A sudden surge in public approval of the People's Republic of China and continuing very high respect for Japan were reported yesterday as central findings of an intensive nationwide survey of U.S. views toward Asia.
The survey, conducted last July by the Gallup Organization for Potomac Associates, measured the views of a national sample of 1,616 Americans toward various Asian countries and U.S. foreign policy issues in the region. The study is among the most comprehensive ever made of American public attitudes toward Asia.
The turnabout in public attitudes toward China after the normalization of U.S. relations in January 1979 is a "colossal shift" -- among the sharpest and swiftest toward a foreign country ever recorded in poll results, according to William Watts, president of Potomac Associates, a private research group.
From a 52-percent unfavorable rating with the U.S. public in 1977, esteem for China soared to a 70-percent favorable rating in this year's survey. Perhaps equally important, and more specific in its application, is the finding that a clear majority of polled Americans with opinions on the matter (47 percent to 40 percent) now approve helping China build up its military power as a counterweight to the Soviet Union. In 1977, only one person in eight took this view.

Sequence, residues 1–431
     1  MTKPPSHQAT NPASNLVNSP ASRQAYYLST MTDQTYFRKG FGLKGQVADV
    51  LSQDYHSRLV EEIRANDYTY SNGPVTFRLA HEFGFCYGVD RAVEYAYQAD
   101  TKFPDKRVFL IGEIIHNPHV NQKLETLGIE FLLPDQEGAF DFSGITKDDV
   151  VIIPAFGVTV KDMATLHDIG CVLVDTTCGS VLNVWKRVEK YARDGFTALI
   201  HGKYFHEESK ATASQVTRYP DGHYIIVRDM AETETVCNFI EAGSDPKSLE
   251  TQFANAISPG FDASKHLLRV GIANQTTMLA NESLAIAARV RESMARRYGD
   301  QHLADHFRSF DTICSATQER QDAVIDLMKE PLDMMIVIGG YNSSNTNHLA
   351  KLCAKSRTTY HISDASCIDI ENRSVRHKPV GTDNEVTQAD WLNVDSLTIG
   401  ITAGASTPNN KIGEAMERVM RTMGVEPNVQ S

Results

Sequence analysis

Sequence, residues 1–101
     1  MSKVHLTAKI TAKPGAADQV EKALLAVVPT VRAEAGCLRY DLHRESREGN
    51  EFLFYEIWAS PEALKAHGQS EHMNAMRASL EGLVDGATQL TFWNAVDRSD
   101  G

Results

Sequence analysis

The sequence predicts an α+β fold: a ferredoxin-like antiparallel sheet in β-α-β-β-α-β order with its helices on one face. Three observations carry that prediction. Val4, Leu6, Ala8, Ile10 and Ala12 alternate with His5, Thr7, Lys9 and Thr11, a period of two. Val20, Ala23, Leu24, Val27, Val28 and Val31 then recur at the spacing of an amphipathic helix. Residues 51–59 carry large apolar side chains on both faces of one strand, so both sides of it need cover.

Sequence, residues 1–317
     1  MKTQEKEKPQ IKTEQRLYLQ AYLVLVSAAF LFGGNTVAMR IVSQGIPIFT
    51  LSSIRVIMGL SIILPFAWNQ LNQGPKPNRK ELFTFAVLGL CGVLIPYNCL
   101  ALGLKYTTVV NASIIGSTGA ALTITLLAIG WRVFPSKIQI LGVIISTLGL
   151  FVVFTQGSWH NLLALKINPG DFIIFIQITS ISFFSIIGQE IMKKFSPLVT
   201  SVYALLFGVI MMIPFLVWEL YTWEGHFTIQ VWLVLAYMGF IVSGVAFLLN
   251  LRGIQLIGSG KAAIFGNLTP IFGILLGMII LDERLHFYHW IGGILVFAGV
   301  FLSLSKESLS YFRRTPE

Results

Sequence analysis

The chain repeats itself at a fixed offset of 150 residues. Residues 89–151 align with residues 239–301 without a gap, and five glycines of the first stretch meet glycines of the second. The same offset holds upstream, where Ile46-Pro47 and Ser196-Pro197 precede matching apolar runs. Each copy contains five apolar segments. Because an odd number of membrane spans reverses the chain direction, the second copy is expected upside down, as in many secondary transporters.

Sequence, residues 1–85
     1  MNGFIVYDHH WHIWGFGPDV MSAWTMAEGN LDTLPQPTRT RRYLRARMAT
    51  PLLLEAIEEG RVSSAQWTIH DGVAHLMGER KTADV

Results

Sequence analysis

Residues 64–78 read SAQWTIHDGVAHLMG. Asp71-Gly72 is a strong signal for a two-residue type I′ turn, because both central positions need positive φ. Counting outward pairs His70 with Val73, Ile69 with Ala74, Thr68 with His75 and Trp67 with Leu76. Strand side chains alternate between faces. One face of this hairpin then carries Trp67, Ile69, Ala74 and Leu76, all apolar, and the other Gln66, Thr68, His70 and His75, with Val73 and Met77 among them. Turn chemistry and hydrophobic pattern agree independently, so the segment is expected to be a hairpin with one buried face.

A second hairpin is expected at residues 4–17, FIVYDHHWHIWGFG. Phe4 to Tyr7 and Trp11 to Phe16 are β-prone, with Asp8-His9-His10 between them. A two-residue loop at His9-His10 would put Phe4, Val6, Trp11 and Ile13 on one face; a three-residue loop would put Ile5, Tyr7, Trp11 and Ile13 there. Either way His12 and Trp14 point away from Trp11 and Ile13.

Asked if the United States should come to the defense of China if attacked by the Soviet Union, 45 percent of this year's sample said yes; 42 percent said no.
Those interviewed gave a greater degree of approval for American military involvement in defense of China than they did for the defense of South Korea, if it came under attack by North Korea. Despite the presence of 40,000 U.S. troops in Korea and a historic security commitment, a minority of the sample approved U.S. involvement (38 percent to 51 percent). m
A similar minority of the sample (30 percent to 55 percent) said the United States should come to the defense of Thailand if it is attacked by Vietnam. The survey was completed a few days after last summer's incursion by Vietnamese forces into Thai villages at the Thai-Cambodian border.
One of the surprises in the Potomac study was the extremely favorable attitude toward Japan and the Japanese people, an approval that continued to grow despite recent disputes concerning the importation of Japanese automobiles and Japanese hesitancy to join strong U.S. sanctions against Iran.
This year's survey accorded Japan in approval rating of 84 percent, and recorded a list of highly favorable attributes for Japan, its people and products. The poll reported that Australia and Japan are in a class by themselves among Asian countries in the esteem of Americans.
By contrast, North Korea, Vietnam and the Soviet Union were strongly diapproved of by the sample. The public had ambivalent opinions, reflecting a scarcity of information, about many Southeast Asian countries.